Because I live right here, I could just go over to Google HQ and throw the money in the front door… unfortunately, my choices are Comcast (need I say more) or even slower, maybe slightly better service AT&T. No monopoly there, eh? For $60 a month I get ‘up to’ 12Mbps downstream DSL. Google can’t come to San Jose fast enough for me!

Anonymous Coward says:

With such stiff opposition from the for-profit corporate monopolies, it’s a wonder that the city of Wilson (outside Raleigh) was able to put together a municipal broadband operation that puts the commercial cable companies to shame. Greenlight Community Broadband offers one gigabit *symmetrical* service for a hundred bucks/month (as well as lower priced *symmetrical* tiers). This is what can happen when people band together to escape the claws of the predatory cable industry.

Anonymous Coward says:

Every good communist knows a monopoly is so much more efficient at resource utilization, with its People’s Commissars and Five-Year-Plans-For-Increased-Fiberglass-Production and Re-education Plans for Recalcitrant Legislaturists and tender regard for All-The-Little-People-Oppressed-By-Capitalists.

But all this is dangerously non-communistic: people getting together to invest based on their own needs and goals, not according to the Commissar’s edicts. Scary: how can the leaders properly lead, if the people have access to Non-Approved Channels of Thought?

Pragmatic says:

Re: Re:

Yeah… can we stop using the word “communist” to mean “authoritarian douchebag?” Thank you.

Ditto socialism.

Those words are American for bogeyman and I’m sick of the ignorance. For the record, I think that actual communists and socialists are misguided but they’re not an actual threat.

Corporate authoritarian oligarchs, however, are another story.

joncr (profile) says:

I’m in one of the targeted Carolina cities, currently paying Time-Warner $75 per month for something around 20MMbps. No cable TV in that fee, just the net. (I cancelled cable three years ago and within a few months they’d boosted the cost of net-only to more than what I’d been paying for TV and net.)

If/when Google runs fiber to my street, I’m in. I think I’ll mail TW’s modem back to them so I don’t have to join the queue at the store.

Anonymous Coward says:

I wonder if their choice to back down from open access was to not give the big legacy broadband use of their lines to jump in and say “Hey us too!” without putting any money into it.
It’s would be great for the smaller players but the big players would abuse it LIKE THEY ABUSE EVERYTHING AND EVERYONE.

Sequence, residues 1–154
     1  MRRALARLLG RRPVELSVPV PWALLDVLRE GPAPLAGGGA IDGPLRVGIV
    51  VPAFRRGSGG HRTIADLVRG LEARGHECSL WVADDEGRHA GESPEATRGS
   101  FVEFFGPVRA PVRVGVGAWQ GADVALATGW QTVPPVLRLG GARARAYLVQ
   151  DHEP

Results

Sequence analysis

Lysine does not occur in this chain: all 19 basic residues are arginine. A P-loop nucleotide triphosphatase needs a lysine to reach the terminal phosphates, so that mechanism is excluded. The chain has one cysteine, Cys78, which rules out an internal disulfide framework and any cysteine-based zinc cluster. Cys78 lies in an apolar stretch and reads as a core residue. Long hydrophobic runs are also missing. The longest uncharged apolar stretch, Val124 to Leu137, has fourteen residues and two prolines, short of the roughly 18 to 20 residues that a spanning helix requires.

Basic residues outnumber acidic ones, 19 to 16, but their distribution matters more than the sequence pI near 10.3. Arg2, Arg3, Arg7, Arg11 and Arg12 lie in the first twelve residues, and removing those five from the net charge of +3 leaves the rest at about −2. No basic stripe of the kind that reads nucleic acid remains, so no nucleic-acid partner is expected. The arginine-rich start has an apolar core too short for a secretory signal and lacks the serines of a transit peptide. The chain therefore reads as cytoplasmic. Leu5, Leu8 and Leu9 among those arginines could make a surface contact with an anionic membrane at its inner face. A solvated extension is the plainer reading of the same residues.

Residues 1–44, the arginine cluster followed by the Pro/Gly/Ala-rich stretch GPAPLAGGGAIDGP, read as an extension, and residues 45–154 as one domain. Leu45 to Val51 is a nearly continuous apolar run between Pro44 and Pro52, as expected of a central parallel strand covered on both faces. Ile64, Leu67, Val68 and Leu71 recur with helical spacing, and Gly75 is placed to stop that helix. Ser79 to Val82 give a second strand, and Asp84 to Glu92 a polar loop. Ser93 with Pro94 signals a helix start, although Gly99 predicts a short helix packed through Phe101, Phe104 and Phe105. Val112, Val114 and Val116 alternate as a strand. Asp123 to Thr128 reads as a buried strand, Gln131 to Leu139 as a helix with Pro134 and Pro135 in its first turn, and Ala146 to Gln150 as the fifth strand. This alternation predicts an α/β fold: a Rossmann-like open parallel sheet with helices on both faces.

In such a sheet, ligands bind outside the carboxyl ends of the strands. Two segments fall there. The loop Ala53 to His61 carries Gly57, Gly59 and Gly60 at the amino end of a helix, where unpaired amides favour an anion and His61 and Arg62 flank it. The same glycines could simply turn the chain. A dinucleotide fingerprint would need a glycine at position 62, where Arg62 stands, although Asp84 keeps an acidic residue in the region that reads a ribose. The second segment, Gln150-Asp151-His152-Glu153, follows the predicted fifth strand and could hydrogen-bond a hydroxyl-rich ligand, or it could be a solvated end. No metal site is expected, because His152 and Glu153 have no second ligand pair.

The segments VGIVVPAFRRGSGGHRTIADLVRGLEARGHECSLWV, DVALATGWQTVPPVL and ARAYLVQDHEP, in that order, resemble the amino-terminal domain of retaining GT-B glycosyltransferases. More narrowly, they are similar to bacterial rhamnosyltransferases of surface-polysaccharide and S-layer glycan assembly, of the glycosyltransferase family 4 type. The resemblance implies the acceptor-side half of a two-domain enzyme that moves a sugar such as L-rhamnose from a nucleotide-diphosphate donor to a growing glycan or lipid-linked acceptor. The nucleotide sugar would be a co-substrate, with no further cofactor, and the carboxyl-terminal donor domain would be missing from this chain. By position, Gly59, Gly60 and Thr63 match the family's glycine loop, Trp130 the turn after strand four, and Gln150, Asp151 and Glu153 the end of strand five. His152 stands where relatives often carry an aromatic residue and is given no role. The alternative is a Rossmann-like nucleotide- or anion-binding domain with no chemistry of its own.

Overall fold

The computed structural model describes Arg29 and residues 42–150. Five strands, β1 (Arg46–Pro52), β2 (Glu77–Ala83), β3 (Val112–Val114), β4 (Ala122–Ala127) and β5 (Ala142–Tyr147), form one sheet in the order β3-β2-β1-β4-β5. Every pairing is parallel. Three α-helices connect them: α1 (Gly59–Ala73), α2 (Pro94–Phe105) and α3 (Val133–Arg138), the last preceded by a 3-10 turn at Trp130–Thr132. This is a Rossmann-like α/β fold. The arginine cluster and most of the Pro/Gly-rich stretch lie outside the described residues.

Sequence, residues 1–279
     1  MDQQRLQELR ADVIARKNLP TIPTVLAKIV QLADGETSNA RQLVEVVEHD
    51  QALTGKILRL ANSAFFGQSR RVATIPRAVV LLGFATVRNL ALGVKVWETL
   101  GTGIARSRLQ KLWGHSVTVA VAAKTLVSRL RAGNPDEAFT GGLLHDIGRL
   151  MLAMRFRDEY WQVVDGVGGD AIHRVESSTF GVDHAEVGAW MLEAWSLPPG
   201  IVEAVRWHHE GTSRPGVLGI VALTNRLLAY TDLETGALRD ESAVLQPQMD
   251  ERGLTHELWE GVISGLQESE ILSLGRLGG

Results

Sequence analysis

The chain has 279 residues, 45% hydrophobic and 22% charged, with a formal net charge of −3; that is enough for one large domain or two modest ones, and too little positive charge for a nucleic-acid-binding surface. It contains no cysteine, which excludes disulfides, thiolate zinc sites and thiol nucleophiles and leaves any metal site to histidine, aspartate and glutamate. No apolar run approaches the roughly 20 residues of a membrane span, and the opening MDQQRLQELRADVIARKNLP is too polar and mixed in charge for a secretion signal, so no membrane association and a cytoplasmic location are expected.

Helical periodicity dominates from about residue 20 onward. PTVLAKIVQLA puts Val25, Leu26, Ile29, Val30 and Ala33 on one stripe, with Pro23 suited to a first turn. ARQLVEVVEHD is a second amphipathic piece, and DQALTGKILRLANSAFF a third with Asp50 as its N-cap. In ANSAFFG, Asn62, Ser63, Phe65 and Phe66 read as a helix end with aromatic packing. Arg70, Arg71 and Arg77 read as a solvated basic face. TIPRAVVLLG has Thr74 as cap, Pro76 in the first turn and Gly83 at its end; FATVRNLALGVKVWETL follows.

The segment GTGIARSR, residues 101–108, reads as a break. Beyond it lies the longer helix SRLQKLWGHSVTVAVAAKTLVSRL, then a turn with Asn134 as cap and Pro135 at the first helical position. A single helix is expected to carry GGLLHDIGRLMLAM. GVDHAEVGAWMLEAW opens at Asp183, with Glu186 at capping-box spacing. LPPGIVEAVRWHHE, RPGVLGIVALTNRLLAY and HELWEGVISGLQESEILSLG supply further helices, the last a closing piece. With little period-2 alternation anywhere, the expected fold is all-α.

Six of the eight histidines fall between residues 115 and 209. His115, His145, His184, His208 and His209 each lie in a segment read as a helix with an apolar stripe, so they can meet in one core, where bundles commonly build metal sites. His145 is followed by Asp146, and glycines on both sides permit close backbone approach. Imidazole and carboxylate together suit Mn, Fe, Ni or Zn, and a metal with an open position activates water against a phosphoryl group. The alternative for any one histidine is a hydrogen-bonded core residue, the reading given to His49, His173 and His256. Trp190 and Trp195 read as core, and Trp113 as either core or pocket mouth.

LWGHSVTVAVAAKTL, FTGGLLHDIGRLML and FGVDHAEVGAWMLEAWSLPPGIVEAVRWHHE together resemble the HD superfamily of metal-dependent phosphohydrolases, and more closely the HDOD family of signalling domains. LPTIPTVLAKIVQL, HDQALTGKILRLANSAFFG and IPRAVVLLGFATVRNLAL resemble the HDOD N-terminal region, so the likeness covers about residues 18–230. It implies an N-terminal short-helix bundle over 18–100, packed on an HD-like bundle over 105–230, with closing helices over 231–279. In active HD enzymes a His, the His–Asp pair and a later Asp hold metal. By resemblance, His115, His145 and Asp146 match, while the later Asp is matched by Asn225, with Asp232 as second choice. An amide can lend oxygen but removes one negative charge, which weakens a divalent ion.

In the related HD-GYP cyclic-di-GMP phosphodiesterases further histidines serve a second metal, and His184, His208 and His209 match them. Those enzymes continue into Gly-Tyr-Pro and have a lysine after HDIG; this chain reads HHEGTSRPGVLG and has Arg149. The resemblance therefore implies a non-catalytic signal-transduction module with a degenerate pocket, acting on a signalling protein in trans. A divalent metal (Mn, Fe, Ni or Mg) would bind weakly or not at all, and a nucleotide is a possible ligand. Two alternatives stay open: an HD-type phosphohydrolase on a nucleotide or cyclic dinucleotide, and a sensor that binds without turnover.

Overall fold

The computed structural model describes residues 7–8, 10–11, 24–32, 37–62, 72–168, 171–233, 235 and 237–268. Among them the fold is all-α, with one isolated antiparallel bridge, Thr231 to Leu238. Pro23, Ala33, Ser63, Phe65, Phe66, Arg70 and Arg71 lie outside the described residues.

But hey, all these blackmail threats of not expanding fiber because of the Title II looming over them took a big hit with this announcement. Looks like it IS possible to expand.

ECA (profile) says:


“recent FCC data suggests that three quarters of the U.S. can’t get anything more than 25 Mbps from just one ISP. “

Number based on Major metro areas..
What I find funny, is the Smaller towns along freeways are serviced by smaller corps(not that small) and are getting BETTER service then in some cities..

There is also another strange fact, is the numbers that they use are based on ALL types of internet..from your phone/sat/cable/phone company…
but no one says anything about the Backbone. and WHO owns that.
Also that the USA gov. already Paid the Phone companies to HELP install better fiber..

Its all a deck of cards, and they keep being shuffled around, WHO owns Whom..

Tom says:

Rural communities are a neglected backwater ...

I live about 25 miles (a 30 minute drive) from the central Louisville, KY. We have no cable provider willing to service our rural residence. AT&T copper lines are the only option, and KY state law and utility commission have ceded monopoly control to them. There is no competition. That results in sub-par performance being the accepted norm.

I pay $40/mo for “up to” 1.5Mb/256Kb access, with 100 ms latency, on my DSL line. No matter who my ISP provider is, they route through AT&T switches, copper and provisioning. I am even required by KY law to maintain an AT&T land line to defray AT&T’s expenses in order to get DSL service.

The idea of reliably streaming a YouTube video is just dream. I can pay more but the equipment is incapable of providing better performance except intermittently. After 7 years of trying I have yet to achieve “broadband access” as currently defined. Getting 4Mb/S down would be mind blowing. If I want 10Mb/S access I can just move closer to town. Right?

Google Fiber is an essential proof-of-concept that may someday bring real competition and service to all the rest of the non-metro USA. It undercuts the claims made by the incumbents that they are “doing their best efforts!” Go Google!